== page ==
Natalie K. Douglas 3:28
Yeah, so that’s why myself a cold like, yeah, it’s

Kate Callaghan 3:33
bloody freezing.

Natalie K. Douglas 3:35
Yeah, I can imagine I am. I try, like, I, it’s not quite the same. But I try and have like a cold shower every day. Like usually it’s well, I usually shower at night. So it’s usually at night time. But I find like, I feel like it’s invigorating. But in winter, you have to really like, I don’t know, convince yourself that it’s a good idea. My like, my fiance does it every morning. I’m like, wow. And he loves it. So

Kate Callaghan 4:00
yeah, we don’t have a good place to start.

Natalie K. Douglas 4:03
Yeah, it’s not quite as effective in terms of like, being like in an icy icy place. But it’s the best I can do when I don’t really have a like,

Kate Callaghan 4:12
Yeah, I was only in there for maybe 30 seconds. It takes your breath away. Hi. He will spend, I think he said the longest he spent in the river, which is freezing in the middle of winter is an hour. Oh my god. And so the really awesome things. So he’s kind of combined that with a bit of a candidate ketogenic diet, and he’s to have epilepsy. And I say used to because he hasn’t had a bit since he’s been doing this.

Natalie K. Douglas 4:39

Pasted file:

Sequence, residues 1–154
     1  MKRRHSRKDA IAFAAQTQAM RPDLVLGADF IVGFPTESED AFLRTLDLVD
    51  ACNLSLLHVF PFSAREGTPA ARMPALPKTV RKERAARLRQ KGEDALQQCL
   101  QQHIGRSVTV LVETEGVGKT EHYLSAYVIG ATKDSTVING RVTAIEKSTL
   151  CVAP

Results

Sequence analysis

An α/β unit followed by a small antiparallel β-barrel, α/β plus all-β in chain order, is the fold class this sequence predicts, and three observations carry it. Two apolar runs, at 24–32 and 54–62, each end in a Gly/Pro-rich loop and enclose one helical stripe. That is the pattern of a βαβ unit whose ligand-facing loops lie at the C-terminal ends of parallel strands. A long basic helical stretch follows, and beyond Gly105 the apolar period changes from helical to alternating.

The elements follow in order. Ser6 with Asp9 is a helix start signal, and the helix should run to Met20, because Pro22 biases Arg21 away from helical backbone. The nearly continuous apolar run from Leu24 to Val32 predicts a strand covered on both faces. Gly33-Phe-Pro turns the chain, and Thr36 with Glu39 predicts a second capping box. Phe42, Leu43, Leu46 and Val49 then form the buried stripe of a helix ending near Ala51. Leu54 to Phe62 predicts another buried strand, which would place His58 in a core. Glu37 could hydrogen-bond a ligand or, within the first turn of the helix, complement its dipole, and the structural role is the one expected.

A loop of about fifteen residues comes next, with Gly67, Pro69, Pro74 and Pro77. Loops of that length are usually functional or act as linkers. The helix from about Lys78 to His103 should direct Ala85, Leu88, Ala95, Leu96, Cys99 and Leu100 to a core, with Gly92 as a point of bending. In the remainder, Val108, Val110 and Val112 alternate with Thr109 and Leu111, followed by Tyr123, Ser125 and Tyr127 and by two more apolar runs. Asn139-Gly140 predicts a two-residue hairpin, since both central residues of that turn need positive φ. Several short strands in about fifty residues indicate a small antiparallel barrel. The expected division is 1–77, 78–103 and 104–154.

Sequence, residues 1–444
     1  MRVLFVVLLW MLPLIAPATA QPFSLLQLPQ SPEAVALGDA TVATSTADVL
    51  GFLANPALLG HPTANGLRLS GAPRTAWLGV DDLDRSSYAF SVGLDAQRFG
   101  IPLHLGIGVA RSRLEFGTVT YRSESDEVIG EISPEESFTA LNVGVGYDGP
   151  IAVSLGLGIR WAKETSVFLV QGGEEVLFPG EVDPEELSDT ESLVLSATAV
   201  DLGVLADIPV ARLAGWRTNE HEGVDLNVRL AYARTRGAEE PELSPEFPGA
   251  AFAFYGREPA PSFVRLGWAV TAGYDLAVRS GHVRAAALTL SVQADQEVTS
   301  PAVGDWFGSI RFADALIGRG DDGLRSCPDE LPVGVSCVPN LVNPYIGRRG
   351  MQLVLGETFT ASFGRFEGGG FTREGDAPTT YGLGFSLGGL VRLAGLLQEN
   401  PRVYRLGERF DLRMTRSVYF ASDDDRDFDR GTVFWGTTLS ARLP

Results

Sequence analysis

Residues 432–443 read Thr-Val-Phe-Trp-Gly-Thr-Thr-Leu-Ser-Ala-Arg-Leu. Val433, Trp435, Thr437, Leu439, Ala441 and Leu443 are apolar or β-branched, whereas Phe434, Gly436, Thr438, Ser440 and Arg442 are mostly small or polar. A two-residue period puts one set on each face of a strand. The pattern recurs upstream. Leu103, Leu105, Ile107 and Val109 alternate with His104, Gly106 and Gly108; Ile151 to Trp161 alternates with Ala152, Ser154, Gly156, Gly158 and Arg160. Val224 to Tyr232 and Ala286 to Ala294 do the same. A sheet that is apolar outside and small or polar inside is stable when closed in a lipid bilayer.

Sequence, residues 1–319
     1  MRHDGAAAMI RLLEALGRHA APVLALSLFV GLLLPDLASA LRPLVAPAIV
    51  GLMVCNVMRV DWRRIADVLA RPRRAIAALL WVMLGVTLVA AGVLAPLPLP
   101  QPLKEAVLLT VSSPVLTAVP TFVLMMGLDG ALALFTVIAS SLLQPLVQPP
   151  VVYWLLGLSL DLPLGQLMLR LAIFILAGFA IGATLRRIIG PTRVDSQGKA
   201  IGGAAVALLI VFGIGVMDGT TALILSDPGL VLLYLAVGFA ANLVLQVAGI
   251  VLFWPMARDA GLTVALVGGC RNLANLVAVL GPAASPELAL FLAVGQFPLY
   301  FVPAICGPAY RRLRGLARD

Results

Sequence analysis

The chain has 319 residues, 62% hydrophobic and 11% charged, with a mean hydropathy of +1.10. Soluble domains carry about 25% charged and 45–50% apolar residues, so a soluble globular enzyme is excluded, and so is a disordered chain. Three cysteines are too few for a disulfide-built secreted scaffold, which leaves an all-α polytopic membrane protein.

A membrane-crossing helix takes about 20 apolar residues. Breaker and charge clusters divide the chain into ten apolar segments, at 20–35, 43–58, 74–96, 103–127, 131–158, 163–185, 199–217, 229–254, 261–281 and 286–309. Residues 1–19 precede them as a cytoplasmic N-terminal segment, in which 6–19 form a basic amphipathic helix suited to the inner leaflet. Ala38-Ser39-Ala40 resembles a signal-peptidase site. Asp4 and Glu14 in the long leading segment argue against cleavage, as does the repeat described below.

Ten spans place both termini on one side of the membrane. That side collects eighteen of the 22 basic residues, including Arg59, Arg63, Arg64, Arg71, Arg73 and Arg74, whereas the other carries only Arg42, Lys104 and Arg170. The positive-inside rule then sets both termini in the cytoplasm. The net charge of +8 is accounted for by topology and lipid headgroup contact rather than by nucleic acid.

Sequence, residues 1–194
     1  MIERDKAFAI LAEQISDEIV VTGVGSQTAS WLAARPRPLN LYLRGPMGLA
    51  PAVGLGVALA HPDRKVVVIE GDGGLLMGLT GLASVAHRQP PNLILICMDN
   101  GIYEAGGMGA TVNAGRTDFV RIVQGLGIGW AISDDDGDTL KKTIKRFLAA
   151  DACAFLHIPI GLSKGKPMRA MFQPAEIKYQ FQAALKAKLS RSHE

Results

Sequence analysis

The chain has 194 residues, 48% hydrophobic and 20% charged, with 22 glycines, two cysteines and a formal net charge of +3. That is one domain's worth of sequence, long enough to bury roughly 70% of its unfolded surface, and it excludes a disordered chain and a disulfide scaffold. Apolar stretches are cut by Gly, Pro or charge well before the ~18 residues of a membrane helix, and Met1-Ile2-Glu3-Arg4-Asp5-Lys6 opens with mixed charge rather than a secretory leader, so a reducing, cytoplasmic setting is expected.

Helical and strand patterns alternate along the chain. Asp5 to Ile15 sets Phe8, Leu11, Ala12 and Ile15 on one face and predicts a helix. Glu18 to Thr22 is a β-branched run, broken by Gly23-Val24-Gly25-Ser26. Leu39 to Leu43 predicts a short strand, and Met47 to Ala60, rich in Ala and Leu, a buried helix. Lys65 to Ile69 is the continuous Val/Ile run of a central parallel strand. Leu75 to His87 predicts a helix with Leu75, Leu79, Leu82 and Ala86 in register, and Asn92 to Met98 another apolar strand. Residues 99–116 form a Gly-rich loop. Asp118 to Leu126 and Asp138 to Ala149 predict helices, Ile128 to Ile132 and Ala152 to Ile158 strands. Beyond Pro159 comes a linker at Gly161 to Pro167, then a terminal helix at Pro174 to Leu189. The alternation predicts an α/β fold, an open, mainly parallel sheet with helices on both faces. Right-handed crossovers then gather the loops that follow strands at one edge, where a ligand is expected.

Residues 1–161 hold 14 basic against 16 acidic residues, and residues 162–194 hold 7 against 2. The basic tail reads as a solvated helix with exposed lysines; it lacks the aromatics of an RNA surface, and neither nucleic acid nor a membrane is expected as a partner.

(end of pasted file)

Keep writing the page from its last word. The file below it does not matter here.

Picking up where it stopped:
Wow. Yeah. Well, thank you for sharing that with us. It’s actually not what we’re talking about today, guys, but I really wanted to bring it up, because I find it really interesting. So maybe we can chat a bit more about it another time. But for anyone who does have a very freezing like nearby and then go feel alive, if not jump in the freezing cold shower, and you can reap some of the benefits. So today, we’re actually talking about something slightly different to that. We’re talking about both RX Yeah. So basically, we wanted to bring this up, because it is something that’s becoming more and more talked about, both in the media and I know, even just amongst kind of like my friends groups at the moment, some people have been bringing it up. And it’s it’s an interesting topic, and I find it, I find I have a lot of opinions on it. And I think that it’s worth the discussion. So that’s what we’re going to be chatting about today. To start off though, I think it would be wise to give you a bit of a definition of orthorexia. So, it’s not actually an officially recognized eating disorder at this stage. However, it’s still a recognizable term that fits somewhere on the eating disorder spectrum. So the most basic definition of what orthorexia is, is a condition where an individual is driven to eat in a way they see as perfect or pure, often involving strict and inflexible eating behaviors. So it differs from anorexia for example, where the main kind of fixation of focus or goal is on controlling weight and a fearfulness of weight gain. And this is more about the quality of food and, and kind of like having a quote unquote clean diet or whatever that person deems to be clean and perfect in the way of eating. And of course, the two can overlap but I just thought I’d point out some minor differences there so people didn’t get confused or just think I was retarded and was meaning to say anorexia, but was saying orthorexia. Sorry. So some signs and symptoms of orthorexia can include things like strong anxiety around food choices, feeling quote, unquote dirty or impure if you stray from your quote, unquote allowed foods list, a feeling of superiority of others because of your playing food choices. Socially isolating yourself from people and dining situations with you don’t have full control over the food preparation or what’s going in there. Extreme guilt and feelings of shame over slip ups or deviations from your plan, and a dependent on food choices in the way of it dictating your feelings of self worth, self love, respect, all those kind of things. So I think where this can get a bit tricky, or at least where I find it gets tricky is that when it comes to this debate around orthorexia, there’s a fine line between caring about what food you putting your body and prioritizing healthful eating in your life. And versus that kind of that priority ruling your life and dictating self worth. I guess personally, for me, I get a bit frustrated when I see people judging people or accusing them of having an eating disorder based on the fact that they choose to eat a whole foods based diet free from processed food. And because again, I don’t think that there’s anything wrong with that. And if there is there and probably half of our colleagues who are nutritional nutrition professionals would all be deemed to have it orthorexia, including myself. But I also think that there are times where restricted eating regimes or what I prefer to call therapeutic interventions are definitely called for and helpful. However, they are just that the interventions lasting a short period of time with a specific purpose beyond being superior to your friend who eats a blissful every day for afternoon tea. However, when straying from that diet or set of guidelines starts to create feelings of, you know, the anxiety or anything that I listed above, then that’s when I think it starts to kind of enter this area of orthorexia, and is worth addressing and worth having a discussion around. So, Kate, I don’t know what your thoughts are around orthorexia. But, do you think there’s a bit of a fine line between you know, having orthorexia? I guess, behaviors versus having a conscious have making conscious decisions about what you’re putting in your body? And how would you? Can you kind of view that that line?